The Fifth Element was recently added to Netflix streaming. The Fifth Element came out in 1997. For those of you keeping score at home, that’s 17 years ago. That year, Ellen DeGeneres outed herself, the very first Harry Potter book came out in the UK, and Ken Griffey Jr. hit 56 home runs for the Mariners on his way to an AL MVP. I guess what I’m trying to say is that The Fifth Element came out a long time ago.
It’s a campy, absurd movie that takes basically every cliche of a space action/adventure movie, puts them in a blender, pitches it as “Die Hard in space” (bonus points for actually casting Bruce Willis), signs world-famous fashion designer Jean-Paul Gaultier for the costumes and basically tells him to go nuts (spoiler alert: he does), and hires Chris Tucker (whose best-known role at that point was Smokey from Friday) to play a character that’s part Prince, part Robin Williams, and part Don Juan, all mixed together and powered by an almost certainly near-lethal amount of cocaine, and tells him to go even nutser. (He also does).
The movie is also incredibly polarizing. It’s a very “love it or hate it” type movie. It’s probably not hard to guess which side of the camp I fall into. And over the next 750 words and heavy assortment of .gifs, I’m going to make my case for The Fifth Element as a stand-up classic.
Reason #1 – It takes itself seriously about 75% of the time
This Calvin and Hobbes strip sums up my feeling about The Fifth Element pretty well. The actual plot of the movie is absurd if you think about it. It’s the future, and there’s a giant Prime Evil ball of fire that’s going to destroy everyone, except for these elemental stones and a guardian or something, and then it turns out that the key to defeating evil is love. It’s a plot that begs not to be examined too strenuously.
All that being said, the movie only takes itself seriously to the extent that it doesn’t devolve into farce. It’s not parody or satire, it’s more of an homage to classic space adventure and Heavy Metal and the stylized visuals of sci-fi comics. It’s the same feeling with every other borderline “this is almost too juvenile for me to like,” franchise, like RWBY. It’s both Calvin’s perspective and Hobbes’ perspective at the same time:
“This is so cool.” “This is so stupid.”
Both are true enough.
Reason #2: Gary Oldman and Chris Tucker chew the hell out of the scenery
Gary Oldman is a hell of an actor. Like Johnny Depp, he’s a big fan of the oddball roles. He doesn’t quite have the sex appeal of Depp, nor did he have that one huge role that catapulted him into super-stardom, but he’s a hell of an actor and he’s made a career out of impeccable character work. If you’ve ever seen True Romance or The Professional, you know that he plays a scenery-chewing evil psychopath really well. He’s the semi-cultured version of that in The Fifth Element.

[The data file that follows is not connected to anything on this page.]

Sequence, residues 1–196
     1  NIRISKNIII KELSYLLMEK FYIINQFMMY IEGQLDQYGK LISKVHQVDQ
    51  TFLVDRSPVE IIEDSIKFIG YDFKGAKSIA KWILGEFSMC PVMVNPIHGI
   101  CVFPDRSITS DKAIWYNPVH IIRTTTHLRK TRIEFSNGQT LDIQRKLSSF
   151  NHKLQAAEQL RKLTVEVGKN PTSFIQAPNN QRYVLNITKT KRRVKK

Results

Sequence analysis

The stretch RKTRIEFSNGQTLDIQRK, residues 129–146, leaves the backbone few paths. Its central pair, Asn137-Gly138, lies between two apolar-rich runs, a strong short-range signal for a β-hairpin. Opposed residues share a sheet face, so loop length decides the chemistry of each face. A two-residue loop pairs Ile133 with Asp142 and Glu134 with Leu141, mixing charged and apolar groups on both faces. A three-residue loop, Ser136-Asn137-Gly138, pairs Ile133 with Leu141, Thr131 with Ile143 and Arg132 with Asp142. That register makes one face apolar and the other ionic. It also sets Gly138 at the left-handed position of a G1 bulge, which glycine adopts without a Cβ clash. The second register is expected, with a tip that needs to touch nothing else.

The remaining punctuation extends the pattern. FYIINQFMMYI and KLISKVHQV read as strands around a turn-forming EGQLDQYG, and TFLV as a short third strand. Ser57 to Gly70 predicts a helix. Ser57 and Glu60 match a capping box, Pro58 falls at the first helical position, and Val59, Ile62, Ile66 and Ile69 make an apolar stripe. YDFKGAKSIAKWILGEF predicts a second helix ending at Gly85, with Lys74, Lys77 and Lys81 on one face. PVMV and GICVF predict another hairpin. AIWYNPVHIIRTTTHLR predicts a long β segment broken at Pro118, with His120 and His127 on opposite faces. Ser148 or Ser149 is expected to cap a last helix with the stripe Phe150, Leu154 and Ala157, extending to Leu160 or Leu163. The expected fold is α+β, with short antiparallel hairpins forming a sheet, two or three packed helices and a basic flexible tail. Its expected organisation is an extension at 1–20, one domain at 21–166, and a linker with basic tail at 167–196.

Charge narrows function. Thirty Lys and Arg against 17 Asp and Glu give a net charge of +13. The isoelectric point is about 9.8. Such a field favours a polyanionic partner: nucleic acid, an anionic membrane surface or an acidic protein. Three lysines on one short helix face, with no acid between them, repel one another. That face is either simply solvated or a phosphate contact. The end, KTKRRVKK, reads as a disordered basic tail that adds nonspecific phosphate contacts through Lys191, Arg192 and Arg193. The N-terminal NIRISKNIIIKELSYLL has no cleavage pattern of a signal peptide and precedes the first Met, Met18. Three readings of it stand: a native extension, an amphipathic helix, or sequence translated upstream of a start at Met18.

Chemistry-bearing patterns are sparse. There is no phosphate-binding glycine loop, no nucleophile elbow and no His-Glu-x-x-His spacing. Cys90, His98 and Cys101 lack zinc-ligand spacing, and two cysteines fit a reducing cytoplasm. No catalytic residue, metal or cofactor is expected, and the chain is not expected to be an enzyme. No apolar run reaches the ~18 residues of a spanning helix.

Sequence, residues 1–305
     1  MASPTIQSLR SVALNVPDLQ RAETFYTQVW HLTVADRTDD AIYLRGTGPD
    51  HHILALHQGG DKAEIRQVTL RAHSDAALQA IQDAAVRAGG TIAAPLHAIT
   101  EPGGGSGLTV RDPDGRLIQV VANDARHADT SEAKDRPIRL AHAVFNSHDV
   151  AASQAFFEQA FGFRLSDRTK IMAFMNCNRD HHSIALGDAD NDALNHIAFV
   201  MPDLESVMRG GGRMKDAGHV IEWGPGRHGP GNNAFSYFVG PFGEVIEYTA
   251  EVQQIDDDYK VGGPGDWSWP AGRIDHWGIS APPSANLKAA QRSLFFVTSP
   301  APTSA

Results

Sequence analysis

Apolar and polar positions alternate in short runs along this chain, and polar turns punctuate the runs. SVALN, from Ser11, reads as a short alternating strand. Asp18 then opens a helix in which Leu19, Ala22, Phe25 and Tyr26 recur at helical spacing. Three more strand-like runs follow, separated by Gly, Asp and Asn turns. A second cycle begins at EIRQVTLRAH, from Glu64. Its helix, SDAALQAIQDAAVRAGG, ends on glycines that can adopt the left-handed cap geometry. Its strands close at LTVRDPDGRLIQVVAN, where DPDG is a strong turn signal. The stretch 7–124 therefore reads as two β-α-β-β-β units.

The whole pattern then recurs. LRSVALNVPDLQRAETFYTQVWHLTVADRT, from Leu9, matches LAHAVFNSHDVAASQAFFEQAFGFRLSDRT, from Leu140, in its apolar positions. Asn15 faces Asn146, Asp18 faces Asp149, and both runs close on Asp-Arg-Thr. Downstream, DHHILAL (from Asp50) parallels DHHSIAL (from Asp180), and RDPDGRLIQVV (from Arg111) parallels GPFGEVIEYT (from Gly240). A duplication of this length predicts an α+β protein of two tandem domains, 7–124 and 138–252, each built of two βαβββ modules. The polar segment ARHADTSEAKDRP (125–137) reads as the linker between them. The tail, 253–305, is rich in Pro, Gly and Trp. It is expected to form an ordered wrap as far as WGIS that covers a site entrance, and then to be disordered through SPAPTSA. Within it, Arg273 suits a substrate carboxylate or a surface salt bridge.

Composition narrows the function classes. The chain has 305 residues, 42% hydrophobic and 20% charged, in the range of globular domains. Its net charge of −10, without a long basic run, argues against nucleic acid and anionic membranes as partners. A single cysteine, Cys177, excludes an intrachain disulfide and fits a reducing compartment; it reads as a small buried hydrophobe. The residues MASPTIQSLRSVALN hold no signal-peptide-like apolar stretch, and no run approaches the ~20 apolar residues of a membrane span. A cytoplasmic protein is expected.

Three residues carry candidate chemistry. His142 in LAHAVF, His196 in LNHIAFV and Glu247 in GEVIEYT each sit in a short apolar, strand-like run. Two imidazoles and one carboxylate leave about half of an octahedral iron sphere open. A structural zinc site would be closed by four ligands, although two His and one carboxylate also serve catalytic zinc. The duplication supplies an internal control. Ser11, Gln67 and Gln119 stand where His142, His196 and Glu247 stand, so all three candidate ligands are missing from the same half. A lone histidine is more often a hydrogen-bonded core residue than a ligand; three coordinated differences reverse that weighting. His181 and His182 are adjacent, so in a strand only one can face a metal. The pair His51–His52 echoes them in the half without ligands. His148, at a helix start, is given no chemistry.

Chris Tucker plays a radio host named Ruby Rhod who acts likes a coked-up Prince – flamboyant, fabulous, hyper-feminine, and yet a huge hit with the ladies.
I’m guessing Chris Tucker’s character is a big reason why The Fifth Element gets the big thumbs-down from some folks. On paper, especially during the 2nd half of the movie when he transforms into Bruce Willis’ useless sidekick/comic relief, he really should be annoying. I couldn’t fault anyone for giving this movie an instant pass just for Ruby Rhod, but for me, it works.
For one thing, Tucker’s is just so committed to the insanity. For another, he perfectly captures and somehow predicts the kind of flip-a-coin serious or not, hidden behind 17 layers of irony, meta-humor performance art that we’re inundated with these days. Remember, this totally predated Lady Gaga, Gangum Style, and What Does The Fox Say.
Reason #3: The humor
All the wackiness, the absurdity, the homage to classic sci-fi tropes would be kind of useless if the movie didn’t have its own merits. And you know that plot certainly isn’t one of them. Thankfully, The Fifth Element shines when it comes to humor. In that, it kind of reminds me of The Princess Bride, a bit. The irreverent tone couched in classical “good vs. evil” is the same, and both films don’t hinge on an overarching plot so much as they hinge on jumping from memorable scene to memorable scene. When I think of The Princess Bride, I think of the sword fight scene, or the other sword fight scene, or the Billy Crystal scene, or the Rodents of Unusual Size scene. When I think of The Fifth Element, I think of certain scenes as well.
Fun fact – the crazy guy in that scene is noted Very Serious filmmaker of See How They Fall and La Haine Mathieu Kassovitz.
And this one…
And of course, no discussion of The Fifth Element would be complete without saying something about that one scene…
The opera scene is a great place to finish, because it perfectly encapsulates the movie for me. On the one hand, you have something that’s presented for just a few moments as serious and beautiful, an otherworldly opera singer performing in front of a majestic tableau of a planet seen from space (get it??? It’s an opera in space, in a Space Opera!)
And then, in the exact same scene, you have the music get all techno-y and she starts dancing like this:
See what I mean?